Technology: Distributors involved with the program had access to a sustainability dashboard tool, an online system that can be used on any computer. The dashboard monitors fuel, water, energy use, and other metrics while also providing instruction on low and no-cost improvements that distributors can make to become more efficient and lower their operating costs.

Benchmarking: Benchmarking refers to two types of information: historical data, regarding how things have been in the past, and current data, showing how things are today when it comes to the use of fuel, energy, water, and other resources. This data is essential to the success of the program because the sustainability dashboard tool has access to international information providers that help distributors select products that use energy more efficiently, reduce consumption, and help them reduce fuel consumption.

Awards: One of the key aspects of the program is that it also distinguishes those distributor that have been able to reduce consumption, become more sustainability focused, and reduce operating costs. Awards and other signs of appreciation confirm someone’s work is valued and typically encourage others to work even harder to gain the same recognition.

As to the results: the distributors involved with the program for two years or longer have reported saving, on average, $20,000 annually, and it is generally believed that this is just the start. Efficiency, as we referenced earlier, is a journey. Many distributors are finding new ways to be more efficient, further helping to reduce costs.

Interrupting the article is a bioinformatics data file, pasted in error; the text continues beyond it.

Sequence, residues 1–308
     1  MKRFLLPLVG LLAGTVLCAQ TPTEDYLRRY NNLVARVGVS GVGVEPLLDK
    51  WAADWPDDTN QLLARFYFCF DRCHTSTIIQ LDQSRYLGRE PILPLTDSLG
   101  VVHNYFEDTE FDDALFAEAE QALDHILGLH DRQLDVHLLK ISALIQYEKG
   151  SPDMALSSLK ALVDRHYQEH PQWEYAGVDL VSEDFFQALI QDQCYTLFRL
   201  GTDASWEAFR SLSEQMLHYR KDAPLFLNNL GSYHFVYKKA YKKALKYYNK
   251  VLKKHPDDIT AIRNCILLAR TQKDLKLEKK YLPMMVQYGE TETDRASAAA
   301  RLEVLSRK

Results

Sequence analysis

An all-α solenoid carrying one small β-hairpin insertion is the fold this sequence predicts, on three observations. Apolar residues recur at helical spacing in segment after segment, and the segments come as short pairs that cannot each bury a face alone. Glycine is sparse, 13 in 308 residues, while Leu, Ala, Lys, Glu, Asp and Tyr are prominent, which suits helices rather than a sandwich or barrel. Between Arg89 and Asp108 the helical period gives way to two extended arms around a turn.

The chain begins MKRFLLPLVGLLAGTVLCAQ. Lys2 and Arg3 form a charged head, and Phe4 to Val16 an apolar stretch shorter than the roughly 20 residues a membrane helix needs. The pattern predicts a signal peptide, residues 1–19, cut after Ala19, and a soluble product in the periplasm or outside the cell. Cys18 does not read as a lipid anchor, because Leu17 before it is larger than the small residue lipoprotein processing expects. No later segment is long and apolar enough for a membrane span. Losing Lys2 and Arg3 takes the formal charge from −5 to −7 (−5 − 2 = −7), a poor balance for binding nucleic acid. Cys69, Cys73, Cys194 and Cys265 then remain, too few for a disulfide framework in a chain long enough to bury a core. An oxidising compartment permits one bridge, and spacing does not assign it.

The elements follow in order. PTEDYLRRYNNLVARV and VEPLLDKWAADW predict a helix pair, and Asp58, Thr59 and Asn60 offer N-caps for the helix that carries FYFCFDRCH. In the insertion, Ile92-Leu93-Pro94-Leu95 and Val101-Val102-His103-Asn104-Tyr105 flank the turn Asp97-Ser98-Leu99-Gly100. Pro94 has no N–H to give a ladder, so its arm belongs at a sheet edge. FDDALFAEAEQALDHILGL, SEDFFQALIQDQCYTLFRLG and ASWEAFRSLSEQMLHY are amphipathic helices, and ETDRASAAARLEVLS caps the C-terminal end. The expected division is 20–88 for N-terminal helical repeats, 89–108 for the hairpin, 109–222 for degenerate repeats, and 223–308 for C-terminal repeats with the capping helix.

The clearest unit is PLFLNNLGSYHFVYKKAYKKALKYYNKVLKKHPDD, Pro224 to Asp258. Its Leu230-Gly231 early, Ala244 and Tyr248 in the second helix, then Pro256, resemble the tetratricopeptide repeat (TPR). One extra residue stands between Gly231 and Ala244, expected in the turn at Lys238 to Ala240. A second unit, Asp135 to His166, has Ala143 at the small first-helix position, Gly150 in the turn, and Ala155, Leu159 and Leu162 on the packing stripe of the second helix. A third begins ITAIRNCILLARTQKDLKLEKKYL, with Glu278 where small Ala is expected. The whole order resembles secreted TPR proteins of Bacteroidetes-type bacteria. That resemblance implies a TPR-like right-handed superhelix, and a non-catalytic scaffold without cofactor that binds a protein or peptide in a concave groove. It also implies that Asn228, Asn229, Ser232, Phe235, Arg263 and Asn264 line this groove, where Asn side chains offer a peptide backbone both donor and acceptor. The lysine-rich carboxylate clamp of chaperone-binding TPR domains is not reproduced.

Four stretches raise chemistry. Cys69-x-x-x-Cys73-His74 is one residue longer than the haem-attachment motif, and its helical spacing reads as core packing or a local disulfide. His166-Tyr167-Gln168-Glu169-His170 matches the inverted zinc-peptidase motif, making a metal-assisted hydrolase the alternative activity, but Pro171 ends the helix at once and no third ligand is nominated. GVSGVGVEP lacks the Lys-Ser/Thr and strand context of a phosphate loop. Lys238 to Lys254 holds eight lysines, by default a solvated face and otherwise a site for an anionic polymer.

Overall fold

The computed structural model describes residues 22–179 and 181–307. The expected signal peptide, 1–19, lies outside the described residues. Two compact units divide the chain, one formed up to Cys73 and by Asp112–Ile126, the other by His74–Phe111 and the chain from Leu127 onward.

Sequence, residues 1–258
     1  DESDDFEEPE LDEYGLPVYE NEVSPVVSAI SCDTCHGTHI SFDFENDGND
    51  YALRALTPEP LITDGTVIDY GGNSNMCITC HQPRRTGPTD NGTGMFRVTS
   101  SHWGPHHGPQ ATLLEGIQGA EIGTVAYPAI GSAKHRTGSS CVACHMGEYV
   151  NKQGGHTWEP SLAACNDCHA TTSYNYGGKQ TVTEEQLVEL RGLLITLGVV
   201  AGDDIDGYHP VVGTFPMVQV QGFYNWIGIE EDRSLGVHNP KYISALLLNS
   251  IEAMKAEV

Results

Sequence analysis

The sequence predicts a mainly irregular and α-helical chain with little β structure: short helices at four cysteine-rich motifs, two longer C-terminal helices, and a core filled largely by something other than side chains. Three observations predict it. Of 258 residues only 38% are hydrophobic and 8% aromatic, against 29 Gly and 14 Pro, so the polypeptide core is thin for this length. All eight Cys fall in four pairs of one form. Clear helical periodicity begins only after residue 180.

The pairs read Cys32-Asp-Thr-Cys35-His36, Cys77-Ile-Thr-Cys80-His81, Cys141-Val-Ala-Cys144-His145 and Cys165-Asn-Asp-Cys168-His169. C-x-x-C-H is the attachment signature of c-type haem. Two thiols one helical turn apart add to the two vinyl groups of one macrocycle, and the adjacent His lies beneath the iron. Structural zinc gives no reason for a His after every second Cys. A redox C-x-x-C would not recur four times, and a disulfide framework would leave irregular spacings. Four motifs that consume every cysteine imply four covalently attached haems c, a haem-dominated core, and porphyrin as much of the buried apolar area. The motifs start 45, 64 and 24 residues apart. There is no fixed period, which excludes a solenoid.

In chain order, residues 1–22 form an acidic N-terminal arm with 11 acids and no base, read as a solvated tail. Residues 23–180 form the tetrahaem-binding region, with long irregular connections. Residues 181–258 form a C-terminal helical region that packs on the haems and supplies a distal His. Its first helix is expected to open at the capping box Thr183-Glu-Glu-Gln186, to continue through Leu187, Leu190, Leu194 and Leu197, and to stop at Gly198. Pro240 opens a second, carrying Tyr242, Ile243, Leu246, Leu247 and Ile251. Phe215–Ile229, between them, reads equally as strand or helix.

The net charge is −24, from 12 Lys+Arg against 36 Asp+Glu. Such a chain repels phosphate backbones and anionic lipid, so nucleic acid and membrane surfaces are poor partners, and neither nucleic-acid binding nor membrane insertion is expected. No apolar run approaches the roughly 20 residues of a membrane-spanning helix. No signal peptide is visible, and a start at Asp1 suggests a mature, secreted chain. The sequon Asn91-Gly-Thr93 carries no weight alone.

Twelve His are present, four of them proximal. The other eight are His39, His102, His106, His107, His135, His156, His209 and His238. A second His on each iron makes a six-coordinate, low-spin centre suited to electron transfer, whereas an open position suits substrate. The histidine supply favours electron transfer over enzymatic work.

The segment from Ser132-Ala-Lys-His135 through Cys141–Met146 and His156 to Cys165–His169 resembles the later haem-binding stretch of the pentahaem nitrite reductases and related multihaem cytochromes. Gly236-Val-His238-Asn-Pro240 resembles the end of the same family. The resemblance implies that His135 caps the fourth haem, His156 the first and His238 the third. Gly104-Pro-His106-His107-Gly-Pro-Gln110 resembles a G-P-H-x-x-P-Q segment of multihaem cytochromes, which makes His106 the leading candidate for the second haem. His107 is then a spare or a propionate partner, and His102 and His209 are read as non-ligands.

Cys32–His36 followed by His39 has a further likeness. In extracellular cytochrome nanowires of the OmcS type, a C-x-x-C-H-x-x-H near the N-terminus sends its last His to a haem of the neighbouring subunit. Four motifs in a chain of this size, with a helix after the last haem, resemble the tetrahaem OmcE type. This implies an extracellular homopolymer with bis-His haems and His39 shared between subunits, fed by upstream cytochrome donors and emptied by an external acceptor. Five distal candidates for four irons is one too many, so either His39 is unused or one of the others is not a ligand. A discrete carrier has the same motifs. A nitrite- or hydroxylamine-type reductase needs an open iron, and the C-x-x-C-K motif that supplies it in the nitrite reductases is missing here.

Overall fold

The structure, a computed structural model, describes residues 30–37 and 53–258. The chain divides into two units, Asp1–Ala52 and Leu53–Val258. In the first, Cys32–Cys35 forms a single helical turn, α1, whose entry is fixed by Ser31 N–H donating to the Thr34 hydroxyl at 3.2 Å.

Efficiency and contract cleaning: We now have an overview of how one major distributor managed to become more efficient in their business operations, and by doing so, reduce consumption and lower operating costs. Some of these steps can be used by cleaning contractors. However, distributors are focused on selling products, whereas contractors are focused on providing services. That means contractors will need to take different steps to become more efficient. Among them are the following:

Conduct floorcare audits: Carpet cleaning and floorcare are labour intensive and require the use of many different types of cleaning solutions and water. Contractors should work with their customers to conduct a floorcare audit. The audit will determine which carpeted and hard-surface floor areas need the most and the least attention, along with the types of cleaning attention they need, such as extraction, strip and refinish, or no floor finish. By spending more time on those areas that need more frequent attention and less on other areas, not only is consumption reduced, but so are labor costs, which helps reduce operating costs overall.

Group workers and clients: Having cleaning workers drive in their own vehicles to locations to be cleaned is inefficient because it wastes fuel. Cleaning workers should all report to a central office and then drive in one vehicle to client locations. Further, locations should be grouped together, by geographic area. And traffic conditions must be considered. Save more fuel by arranging cleaning schedules based on which locations are nearest and have the least amount of traffic at specific times.

Use more sustainability-focused cleaning products